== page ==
Rates adopted by the Board are primarily driven by higher costs from the Metropolitan Water District of Southern California, though they also incorporate higher costs for drought-proof water supplies from the Claude "Bud" Lewis Carlsbad Desalination Plant. They also were impacted by state-mandated reductions in water use that decreased sales more than earlier projections.
Careful financial management by the Water Authority kept the rate increases near the low end of earlier projections and well below the double-digit increases during the last drought that were driven by steep price hikes from MWD. Higher rate increases also were avoided by successful regional efforts to keep MWD from adopting a new fixed water treatment charge in April that would have disproportionally harmed San Diego County ratepayers.
For more information about the Water Authorty's rates and charges, go to www.sdcwa.org/water-rates-charges.
Region Ramps Up Water Savings;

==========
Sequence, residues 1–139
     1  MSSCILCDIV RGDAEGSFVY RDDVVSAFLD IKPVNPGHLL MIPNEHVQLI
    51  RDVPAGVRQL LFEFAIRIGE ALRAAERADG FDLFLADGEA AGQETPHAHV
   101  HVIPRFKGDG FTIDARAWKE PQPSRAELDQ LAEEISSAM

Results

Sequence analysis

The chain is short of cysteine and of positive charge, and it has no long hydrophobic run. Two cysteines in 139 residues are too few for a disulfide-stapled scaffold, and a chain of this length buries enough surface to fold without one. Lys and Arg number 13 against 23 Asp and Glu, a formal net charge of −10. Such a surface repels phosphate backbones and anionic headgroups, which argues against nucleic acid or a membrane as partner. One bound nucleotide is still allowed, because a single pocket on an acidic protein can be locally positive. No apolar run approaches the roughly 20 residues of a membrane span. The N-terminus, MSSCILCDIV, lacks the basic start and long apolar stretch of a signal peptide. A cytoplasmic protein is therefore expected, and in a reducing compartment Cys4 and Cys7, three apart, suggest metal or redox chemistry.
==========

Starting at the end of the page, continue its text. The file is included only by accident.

12-Month Average of 22 Percent
Far Exceeds Goal
Local water conservation rate was 26 percent in May
Preliminary data released by the Water Authority show that from June 2015 through May 2016, the San Diego region reduced its potable water use 22 percent compared to the same months in 2013, significantly surpassing the state's aggregate water-savings target for local water suppliers through a year of state-mandated cutbacks.
WaterSmart landscapes like this one are a major reason for the region's successful efforts to reduce water use.
Despite eased restrictions in place since March, aggregate water use in the region dropped sharply during April and May, which are expected to be the final two months for the region's water suppliers to meet state-mandated savings targets. Compared to 2013, the baseline used in the state's water-use regulation, the region used 26 percent less potable water in May. This follows a 23 percent reduction in April.
From March through May, the region's aggregate cumulative water-savings target was 13 percent - down from 20 percent between June 2015 and February 2016 due to credits for drought-resilient water supplies from the Claude "Bud" Lewis Carlsbad Desalination Plant.